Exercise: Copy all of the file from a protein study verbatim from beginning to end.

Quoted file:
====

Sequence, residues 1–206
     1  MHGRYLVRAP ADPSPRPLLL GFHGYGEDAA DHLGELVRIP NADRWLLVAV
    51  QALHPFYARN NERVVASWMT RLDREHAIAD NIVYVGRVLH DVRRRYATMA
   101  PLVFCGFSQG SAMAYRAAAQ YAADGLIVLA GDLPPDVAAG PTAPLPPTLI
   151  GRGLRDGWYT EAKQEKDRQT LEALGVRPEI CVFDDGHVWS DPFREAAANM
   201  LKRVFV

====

Sequence, residues 1–206
     1  MHGRYLVRAP ADPSPRPLLL GFHGYGEDAA DHLGELVRIP NADRWLLVAV
    51  QALHPFYARN NERVVASWMT RLDREHAIAD NIVYVGRVLH DVRRRYATMA
   101  PLVFCGFSQG SAMAYRAAAQ YAADGLIVLA GDLPPDVAAG PTAPLPPTLI
   151  GRGLRDGWYT EAKQEKDRQT LEALGVRPEI CVFDDGHVWS DPFREAAANM
   201  LKRVFV